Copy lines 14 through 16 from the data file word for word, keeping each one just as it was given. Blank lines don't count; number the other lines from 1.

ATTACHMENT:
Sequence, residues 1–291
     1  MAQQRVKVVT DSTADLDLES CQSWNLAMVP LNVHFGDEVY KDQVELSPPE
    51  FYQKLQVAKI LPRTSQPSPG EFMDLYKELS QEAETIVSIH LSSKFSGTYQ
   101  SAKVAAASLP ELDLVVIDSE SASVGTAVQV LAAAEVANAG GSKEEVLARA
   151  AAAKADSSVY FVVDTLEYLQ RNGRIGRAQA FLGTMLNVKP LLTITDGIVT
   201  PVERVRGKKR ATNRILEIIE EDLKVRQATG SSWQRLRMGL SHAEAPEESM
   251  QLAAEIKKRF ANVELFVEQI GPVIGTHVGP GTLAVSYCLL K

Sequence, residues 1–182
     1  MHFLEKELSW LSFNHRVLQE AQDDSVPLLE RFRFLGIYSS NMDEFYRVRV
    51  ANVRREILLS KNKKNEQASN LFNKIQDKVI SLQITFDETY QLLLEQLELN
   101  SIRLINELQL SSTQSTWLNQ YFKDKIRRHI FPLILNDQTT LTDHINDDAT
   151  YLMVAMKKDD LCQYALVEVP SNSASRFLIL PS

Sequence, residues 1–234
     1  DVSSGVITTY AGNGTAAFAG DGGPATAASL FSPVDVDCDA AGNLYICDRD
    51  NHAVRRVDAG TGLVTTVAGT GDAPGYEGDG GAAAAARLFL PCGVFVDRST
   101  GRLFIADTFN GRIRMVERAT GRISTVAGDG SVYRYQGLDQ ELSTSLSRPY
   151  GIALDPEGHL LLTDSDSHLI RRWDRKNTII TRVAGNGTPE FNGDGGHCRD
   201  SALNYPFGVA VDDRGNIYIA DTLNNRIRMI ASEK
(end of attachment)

     1  DVSSGVITTY AGNGTAAFAG DGGPATAASL FSPVDVDCDA AGNLYICDRD
    51  NHAVRRVDAG TGLVTTVAGT GDAPGYEGDG GAAAAARLFL PCGVFVDRST
   101  GRLFIADTFN GRIRMVERAT GRISTVAGDG SVYRYQGLDQ ELSTSLSRPY